In this issue of the Congress Quarterly, we explore the essential and multi-faceted influence neurosurgeon leaders have in the development of future neurosurgeons and organizational behavior.
While many debate the question if leaders are born but not made, a few would argue leadership skills cannot be acquired, enhanced, or cultivated. As former General Electric CEO Jack Welch explains, “Before you are a leader, success is all about growing yourself. When you become a leader, success is all about growing others.” In this issue of the Congress Quarterly, this ethos is espoused and depicted through diverse experiential pathways.
In a poignant and personal piece by Dr. David Langer, he describes the pitfalls often encountered during the “transition from elite surgeon to elite leader.” Dr. Langer has devoted the last decade to understanding leadership cultivation, and as someone who voluntarily changed career paths late in his development as a cerebrovascular surgeon,his insights are personal and layered.
Dr. Nick Hopkins details a nuanced journey of decades of leadership, driven by the singular passion to change the field of neurovascular surgery. The challenges were many, but through stoic determination, he and others led “from the front” to inspire generations of disciples that created the field we now know as endovascular neurosurgery.
Dr. Julian E. Bailes has shown us how neurosurgeon leaders can effect cultural and institutional change on a national level. He has led the charge to increase awareness around CTE and concussion, and through education and awareness, has enhanced the safety for youth athletes in contact sports. In addition to understanding cultural change around youth sports, Buffalo Bill’s head coach Sean McDermott answers questions about evolving leadership styles in the NFL and how a young leader may transform organizational culture.
Education and the cultivation of the next generation of clinicians, academics, and leaders is mission centric to the Congress of Neurosurgeons. Dr. Judy Huang shares her insights on resident education as a program director, while resident leaders provide their perspectives as young trainees. Dr. Brian V. Nahed explores the CNS Leadership in Healthcare course, which is a growing value-add for our youngest members. The course serves to fill the unmet need of mentoring and educating precocious leaders by exploring the skillsets required in the areas of professionalism and communication.
As the title of executive coach Michael Haugen (partner at ghSMART) suggests, there are desired traits that can be attributed to successful leaders and leadership styles. Using the knowledge and findings from his firm’s article in the Harvard Business Review, Mr. Haugen describes characteristics that are critical for leadership success.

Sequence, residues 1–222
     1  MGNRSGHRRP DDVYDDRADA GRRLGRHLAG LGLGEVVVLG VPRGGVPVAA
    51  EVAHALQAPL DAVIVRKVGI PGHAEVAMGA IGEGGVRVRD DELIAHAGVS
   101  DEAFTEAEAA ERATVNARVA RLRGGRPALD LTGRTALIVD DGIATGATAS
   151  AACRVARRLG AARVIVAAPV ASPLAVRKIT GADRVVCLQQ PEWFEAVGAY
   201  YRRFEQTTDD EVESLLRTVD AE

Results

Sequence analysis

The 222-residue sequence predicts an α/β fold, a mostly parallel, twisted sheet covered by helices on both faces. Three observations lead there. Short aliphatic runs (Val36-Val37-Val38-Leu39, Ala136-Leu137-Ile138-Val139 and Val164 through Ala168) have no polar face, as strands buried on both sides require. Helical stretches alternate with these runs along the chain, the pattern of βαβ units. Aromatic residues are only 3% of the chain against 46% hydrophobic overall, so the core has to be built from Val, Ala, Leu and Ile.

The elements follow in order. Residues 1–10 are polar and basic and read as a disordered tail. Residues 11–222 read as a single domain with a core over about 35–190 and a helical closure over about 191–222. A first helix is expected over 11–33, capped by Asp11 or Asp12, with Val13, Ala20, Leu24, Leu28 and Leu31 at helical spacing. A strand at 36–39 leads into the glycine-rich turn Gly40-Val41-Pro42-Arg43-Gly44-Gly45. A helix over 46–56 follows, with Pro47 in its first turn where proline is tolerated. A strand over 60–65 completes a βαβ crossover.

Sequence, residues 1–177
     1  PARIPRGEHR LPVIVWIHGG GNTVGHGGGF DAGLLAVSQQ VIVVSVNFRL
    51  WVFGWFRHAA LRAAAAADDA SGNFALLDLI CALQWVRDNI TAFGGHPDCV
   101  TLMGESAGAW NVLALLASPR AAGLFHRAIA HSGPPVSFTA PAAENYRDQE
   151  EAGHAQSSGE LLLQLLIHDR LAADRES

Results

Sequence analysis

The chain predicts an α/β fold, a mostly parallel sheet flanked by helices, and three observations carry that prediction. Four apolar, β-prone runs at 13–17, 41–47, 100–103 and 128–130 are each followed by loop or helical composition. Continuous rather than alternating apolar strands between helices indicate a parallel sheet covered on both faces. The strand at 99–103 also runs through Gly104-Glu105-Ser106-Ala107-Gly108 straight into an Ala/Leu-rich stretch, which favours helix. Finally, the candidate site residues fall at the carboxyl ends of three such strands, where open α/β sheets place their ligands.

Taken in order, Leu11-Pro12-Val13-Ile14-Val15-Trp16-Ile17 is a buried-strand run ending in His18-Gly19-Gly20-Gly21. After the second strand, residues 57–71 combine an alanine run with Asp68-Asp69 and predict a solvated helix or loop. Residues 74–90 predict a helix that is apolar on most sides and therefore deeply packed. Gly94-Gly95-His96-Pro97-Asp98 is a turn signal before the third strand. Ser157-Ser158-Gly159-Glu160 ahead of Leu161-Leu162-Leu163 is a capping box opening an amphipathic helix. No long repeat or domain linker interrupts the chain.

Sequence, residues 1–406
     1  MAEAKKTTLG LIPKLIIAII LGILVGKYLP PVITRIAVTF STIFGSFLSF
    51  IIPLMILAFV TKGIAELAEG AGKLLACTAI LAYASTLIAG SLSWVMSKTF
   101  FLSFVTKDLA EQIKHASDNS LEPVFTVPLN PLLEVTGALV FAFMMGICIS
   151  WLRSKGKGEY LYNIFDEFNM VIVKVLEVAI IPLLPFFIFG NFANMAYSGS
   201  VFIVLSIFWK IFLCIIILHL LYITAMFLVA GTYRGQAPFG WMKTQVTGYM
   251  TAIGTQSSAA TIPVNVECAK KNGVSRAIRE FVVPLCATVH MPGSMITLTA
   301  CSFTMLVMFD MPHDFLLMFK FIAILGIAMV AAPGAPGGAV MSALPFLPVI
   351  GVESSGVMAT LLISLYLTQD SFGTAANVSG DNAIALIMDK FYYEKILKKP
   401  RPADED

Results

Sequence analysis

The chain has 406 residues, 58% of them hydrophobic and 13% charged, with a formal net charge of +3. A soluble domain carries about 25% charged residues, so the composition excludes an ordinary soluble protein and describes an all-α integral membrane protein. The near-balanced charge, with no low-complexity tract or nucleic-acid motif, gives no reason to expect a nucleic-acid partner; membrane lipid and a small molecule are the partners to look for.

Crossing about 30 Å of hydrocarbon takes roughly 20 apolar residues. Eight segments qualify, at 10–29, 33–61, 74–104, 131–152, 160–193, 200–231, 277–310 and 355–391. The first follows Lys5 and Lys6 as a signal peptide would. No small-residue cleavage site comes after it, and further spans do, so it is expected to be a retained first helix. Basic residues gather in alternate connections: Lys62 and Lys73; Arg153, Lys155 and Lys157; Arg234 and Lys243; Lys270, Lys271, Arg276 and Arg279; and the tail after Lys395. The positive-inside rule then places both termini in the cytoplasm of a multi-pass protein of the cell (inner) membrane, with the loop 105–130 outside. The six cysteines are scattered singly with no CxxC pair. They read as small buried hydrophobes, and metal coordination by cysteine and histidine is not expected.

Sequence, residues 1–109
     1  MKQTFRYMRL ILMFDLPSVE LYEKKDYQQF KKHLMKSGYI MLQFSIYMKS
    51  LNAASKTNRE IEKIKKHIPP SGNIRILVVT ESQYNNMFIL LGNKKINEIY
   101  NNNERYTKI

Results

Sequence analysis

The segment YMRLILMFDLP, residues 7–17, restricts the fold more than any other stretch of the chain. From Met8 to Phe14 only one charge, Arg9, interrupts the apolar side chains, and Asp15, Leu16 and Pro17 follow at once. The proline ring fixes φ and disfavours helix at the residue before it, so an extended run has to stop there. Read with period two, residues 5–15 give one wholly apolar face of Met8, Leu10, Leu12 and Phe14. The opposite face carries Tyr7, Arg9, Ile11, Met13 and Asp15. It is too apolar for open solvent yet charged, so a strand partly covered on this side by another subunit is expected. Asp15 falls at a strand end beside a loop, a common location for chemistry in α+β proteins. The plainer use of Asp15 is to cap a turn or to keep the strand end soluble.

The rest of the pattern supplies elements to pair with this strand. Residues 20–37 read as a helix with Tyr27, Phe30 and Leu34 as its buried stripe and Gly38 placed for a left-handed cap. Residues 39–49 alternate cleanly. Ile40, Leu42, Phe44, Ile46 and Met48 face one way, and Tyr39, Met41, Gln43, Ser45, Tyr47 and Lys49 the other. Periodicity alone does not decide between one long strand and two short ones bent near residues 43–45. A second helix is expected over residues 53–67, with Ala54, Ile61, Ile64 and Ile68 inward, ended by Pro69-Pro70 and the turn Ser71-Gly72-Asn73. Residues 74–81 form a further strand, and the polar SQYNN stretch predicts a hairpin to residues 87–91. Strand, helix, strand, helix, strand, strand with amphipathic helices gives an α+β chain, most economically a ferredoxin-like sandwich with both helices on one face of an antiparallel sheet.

As you read this issue dedicated to leadership, I am reminded of a phrase I hear often: Effective leaders often believe they are “the least important people in the room,” which is a testament to the selfless sacrifice true leadership requires.
cnsq Summer 2017 Volume 18, Number 4
Elad I. Levy, MD
Frederick G. Barker II, MD
Nicholas M. Boulis, MD
Emad Eskandar, MD
Gerald A. Grant, MD
Kunal Gupta, MD
James S. Harrop, MD
Todd C. Hollon, MD
Michael Lawton, MD
Arjun V. Pendharkar, MD
John Pollina, MD
Edward Ringer, MD
Edward Smith, MD
Martina Stippler, MD
Rafael Vega, MD
Antonia D. Callas
Michele L. Hilgart
CONGRESS OF NEUROLOGICAL SURGEONS 2016-2017 OFFICERS
PRESIDENT: Alan M. Scarrow, MD, JD
PRESIDENT ELECT: Ashwini D. Sharan, MD
VICE-PRESIDENT: Gerald A. Grant, MD
SECRETARY: Steven N. Kalkanis, MD
TREASURER: Ganesh Rao, MD
PAST-PRESIDENT: Russell R. Lonser, MD
CONGRESS OF NEUROLOGICAL SURGEONS MISSION STATEMENT:
The Congress of Neurological Surgeons exists to enhance health and improve lives through the advancement of neurosurgical education and scientific exchange.
Congress Quarterly is the official newsmagazine of the Congress of Neurological Surgeons, located at 10 North Martingale Road, Suite 190, Schaumburg, IL 60173. Members of the Congress of Neurological Surgeons may call 847.240.2500 with inquiries regarding their subscription to Congress Quarterly.
© 2017 by the Congress of Neurological Surgeons. No part of this publication may be reproduced in any form or language without written permission from the publisher. Published free of charge for the Congress membership with additional distribution. Send address changes to Congress Quarterly, 10 N. Martingale Road, Suite 109, Schaumburg, IL 60173.